DENG: I'm glad you mention India. In the group of the big economies that we track, India is really a shining light. They have set themselves a target that we already rate as being 2 degree compatible. If they increase that ambition, they could become the first large economy to be one-and-a-half degree compatible. And they have also put policies in place to really scale up their renewables, and they're thinking about policies on electric transport and others. But India also still is relying a lot on coal, they’re also still thinking of expanding coal and that's something they will have to address.

CURWOOD: By the way, if you go to your website, you see something called the C-A-T, the CAT thermometer. What is that? What does it do?

DENG: So, in addition to rating each of the countries’ commitments under Paris, we also look at these emissions levels they've committed to, and we roll them all up to global level, and then we say well what does it mean in terms of the warming we expect by the end of the century? If countries did what they've committed to under Paris, how much warming would we see? And currently we're seeing around three degrees or so warming by the end of the century with what countries have committed to. We also look at what the warming would be if countries carried on as they're currently planning. So, our warming projections for the current policy trajectory are slightly above three degrees. But the good news is that we have almost all the technologies available that we need for this. Some things we have to figure out. But the vast majority we have, and the challenge really is in getting them out there and getting them scaled up. So this is a political problem. It's a question of willingness to do it. It's not a question of figuring out how to do it technically; that would be even scarier but we know how to do it.

CURWOOD: Yvonne Deng is an associate director at Ecofys, a Navigant company which is part of the Climate Action Tracker. Yvonne, thanks for taking the time with us today.

DENG: Thanks for having me.


Morocco and The Gambia are leading the world with policies that are compatible with the Paris Agreement’s 1.5 degrees Celsius target. (Image: Climate Action Tracker)

CURWOOD: The Climate Action Tracker rates just 2 countries as compatible with
the Paris Agreement target to keep warming below 1.5 degrees Celsius, The Gambia and Morocco. The Gambia just embarked on a six-year, $25 million project to plant trees and restore degraded lands. And Morocco is already close to 40% renewable energy and in a decade more than half will be renewable. The country’s former Environment Minister Hakima El Haite says Morocco has been on a path to a low-carbon economy for decades.

EL HAITE: Since 1964, we had understood in Morocco that we are affected by climate change. And that time our dead King decided to create dams in Morocco, big dams, to store water because he wanted to ensure drinking water to the people of Morocco and to ensure the food security for the Moroccans. So, we began our fight against climate change many, many, many decades ago. And then our King Mohammed VI decided to cut the subsidies on fossil fuel, and now Morocco is choosing green technologies in its investment.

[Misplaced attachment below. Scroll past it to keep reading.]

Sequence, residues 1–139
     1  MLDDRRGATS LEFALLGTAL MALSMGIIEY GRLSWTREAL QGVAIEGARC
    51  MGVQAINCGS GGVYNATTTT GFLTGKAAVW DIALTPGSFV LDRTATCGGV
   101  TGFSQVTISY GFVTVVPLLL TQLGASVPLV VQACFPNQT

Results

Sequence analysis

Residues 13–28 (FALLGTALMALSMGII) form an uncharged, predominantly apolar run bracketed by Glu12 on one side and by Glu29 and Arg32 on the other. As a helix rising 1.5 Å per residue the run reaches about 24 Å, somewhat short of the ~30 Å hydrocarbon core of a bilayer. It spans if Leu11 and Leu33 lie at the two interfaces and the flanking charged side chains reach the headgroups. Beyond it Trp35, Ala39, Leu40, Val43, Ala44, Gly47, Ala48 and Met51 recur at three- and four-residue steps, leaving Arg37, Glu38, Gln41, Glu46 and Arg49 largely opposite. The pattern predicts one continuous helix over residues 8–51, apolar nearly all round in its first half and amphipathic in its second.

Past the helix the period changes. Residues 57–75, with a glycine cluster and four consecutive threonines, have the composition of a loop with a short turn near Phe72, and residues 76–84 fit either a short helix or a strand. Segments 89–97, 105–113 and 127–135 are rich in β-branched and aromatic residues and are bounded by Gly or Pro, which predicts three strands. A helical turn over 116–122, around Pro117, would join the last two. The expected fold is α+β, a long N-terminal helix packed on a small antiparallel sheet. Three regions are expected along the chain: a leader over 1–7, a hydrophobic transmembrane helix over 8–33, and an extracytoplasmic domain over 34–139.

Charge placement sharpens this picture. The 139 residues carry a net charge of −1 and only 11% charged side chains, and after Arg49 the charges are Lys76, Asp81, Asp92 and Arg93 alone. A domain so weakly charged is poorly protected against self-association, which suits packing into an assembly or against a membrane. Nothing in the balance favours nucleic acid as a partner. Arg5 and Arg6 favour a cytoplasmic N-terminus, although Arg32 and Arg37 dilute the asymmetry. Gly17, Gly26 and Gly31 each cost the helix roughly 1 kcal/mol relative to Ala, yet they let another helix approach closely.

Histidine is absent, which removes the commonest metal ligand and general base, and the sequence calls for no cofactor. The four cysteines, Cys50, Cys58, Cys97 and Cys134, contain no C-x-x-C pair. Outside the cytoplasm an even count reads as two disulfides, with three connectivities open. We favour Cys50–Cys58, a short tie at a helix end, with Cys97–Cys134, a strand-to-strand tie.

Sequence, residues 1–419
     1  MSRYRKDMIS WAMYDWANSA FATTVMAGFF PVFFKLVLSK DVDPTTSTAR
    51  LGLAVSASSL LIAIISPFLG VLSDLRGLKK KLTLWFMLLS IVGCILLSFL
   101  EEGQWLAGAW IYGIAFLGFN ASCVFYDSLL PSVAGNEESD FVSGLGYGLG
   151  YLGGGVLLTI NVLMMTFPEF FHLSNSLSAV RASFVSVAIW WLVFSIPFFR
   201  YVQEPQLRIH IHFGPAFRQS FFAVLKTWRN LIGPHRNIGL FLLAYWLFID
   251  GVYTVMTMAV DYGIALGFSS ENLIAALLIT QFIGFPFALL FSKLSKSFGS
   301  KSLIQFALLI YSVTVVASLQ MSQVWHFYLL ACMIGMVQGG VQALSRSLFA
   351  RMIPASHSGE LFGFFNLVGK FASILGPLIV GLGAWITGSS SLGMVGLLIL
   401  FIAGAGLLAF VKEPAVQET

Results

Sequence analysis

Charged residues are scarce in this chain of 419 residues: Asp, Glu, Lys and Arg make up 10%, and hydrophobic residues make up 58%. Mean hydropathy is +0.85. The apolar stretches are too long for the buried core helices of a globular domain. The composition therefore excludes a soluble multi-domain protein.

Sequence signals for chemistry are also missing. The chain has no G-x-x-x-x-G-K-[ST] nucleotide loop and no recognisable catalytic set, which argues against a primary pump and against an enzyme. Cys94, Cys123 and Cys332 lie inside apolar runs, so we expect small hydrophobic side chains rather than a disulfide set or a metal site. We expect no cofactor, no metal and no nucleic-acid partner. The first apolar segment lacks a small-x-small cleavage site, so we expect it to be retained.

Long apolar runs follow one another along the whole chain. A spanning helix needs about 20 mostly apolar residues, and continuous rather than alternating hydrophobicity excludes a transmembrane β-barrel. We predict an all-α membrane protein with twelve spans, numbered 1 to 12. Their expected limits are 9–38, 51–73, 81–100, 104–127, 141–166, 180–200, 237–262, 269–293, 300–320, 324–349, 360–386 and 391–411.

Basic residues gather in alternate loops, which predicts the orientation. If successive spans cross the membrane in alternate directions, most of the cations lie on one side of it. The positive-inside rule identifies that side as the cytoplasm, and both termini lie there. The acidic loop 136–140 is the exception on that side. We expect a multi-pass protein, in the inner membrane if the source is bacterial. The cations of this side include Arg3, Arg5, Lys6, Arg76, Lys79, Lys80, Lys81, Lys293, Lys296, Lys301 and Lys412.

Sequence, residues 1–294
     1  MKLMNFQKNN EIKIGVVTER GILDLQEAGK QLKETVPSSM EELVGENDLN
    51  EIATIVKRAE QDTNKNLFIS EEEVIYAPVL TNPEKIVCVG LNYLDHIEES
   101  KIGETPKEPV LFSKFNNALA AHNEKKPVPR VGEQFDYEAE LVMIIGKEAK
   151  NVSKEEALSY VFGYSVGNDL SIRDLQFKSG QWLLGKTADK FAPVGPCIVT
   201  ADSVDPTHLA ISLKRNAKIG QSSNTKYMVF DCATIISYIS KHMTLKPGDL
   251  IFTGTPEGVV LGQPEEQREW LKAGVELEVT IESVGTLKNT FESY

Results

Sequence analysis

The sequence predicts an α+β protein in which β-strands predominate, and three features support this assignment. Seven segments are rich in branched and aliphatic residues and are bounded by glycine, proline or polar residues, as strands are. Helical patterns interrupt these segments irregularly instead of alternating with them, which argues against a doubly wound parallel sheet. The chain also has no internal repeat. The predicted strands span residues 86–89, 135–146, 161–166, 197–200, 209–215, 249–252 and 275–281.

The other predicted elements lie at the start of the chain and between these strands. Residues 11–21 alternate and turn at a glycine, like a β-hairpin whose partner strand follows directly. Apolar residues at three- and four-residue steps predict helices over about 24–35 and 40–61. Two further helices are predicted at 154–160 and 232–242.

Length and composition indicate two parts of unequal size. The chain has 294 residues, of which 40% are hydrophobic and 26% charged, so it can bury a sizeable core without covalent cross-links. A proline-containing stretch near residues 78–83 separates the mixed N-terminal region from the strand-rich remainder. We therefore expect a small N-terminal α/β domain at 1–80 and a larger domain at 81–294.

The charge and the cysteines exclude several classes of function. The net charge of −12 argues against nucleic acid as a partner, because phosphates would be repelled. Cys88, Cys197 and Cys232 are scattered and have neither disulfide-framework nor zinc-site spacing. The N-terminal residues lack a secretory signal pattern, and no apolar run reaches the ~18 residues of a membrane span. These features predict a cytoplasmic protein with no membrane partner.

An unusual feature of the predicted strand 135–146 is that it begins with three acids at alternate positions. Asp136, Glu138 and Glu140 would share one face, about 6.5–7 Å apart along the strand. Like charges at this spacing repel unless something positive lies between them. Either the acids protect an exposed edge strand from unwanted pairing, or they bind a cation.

CURWOOD: So, since Morocco is now doing its part to meet the target of keeping things below one-and-a-half degrees Centigrade, how does your country feel about the lack of ambition that we see on climate change from the United States and many other countries at this point?

EL HAITE: I’ll be very frank; when you see that Americans withdraw from the Paris Agreement, I'm not only disappointed, I'm feeling that politicians are not taking their responsibilities. United States was a leading country during the negotiation, and now, as President Trump decided to withdraw from the Paris Agreement, they are still blocking the negotiation. And this is not correct! Africa, the whole of Africa is only four percent of the emissions worldwide. The ones who are impacting the world are the ones who are fuel producers and industrial developers, and those countries should lead the negotiation. I’m thinking about the United States, Russia, China, Europe, etcetera.

So, I'm really feeling as a Moroccan, as an African, as a citizen of the world, disappointed and feeling that those who are blocking the negotiation now are not taking their responsibilities. And many millions and millions of people will die because of this decision.

CURWOOD: So, looking down the road, what kinds of climate impacts could affect Morocco in the years to come?

EL HAITE: Oh, we are already affected. Drought. Desertification. Migration... in Africa, I will tell you, 500 million hectares are degraded because of climate change. Millions and millions of people are migrating and dying in the Mediterranean Sea because of climate change. And those are not things we’re reading in reports, you know? Those are things we are living already.


Wind turbines along the Morocco coast, near the town of Tarfaya. (Photo: TEDxTarfaya, Flickr CC BY-SA 2.0)

CURWOOD: Hakima El Haite served as Morocco's Environment Minister from 2013 to 2017, and she's now President of Liberal International. Minister El Haite, thank you so much for taking the time with us today.

EL HAITE: Thank you.

 

Links

The Climate Action Tracker’s Warming Projections Global Update, December 2018

The Climate Action Tracker thermometer graphic

About Liberal International

The Berlin Declaration On Climate Justice